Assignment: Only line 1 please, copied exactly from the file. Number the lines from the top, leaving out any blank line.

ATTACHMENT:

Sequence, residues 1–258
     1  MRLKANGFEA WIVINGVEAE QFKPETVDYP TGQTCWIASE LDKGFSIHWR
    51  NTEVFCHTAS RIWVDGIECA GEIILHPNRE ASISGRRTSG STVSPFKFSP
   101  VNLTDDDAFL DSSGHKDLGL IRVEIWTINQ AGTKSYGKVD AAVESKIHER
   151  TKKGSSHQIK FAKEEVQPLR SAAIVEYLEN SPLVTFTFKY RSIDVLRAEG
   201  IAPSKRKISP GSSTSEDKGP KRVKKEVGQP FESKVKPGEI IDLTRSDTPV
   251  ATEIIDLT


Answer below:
Sequence, residues 1–258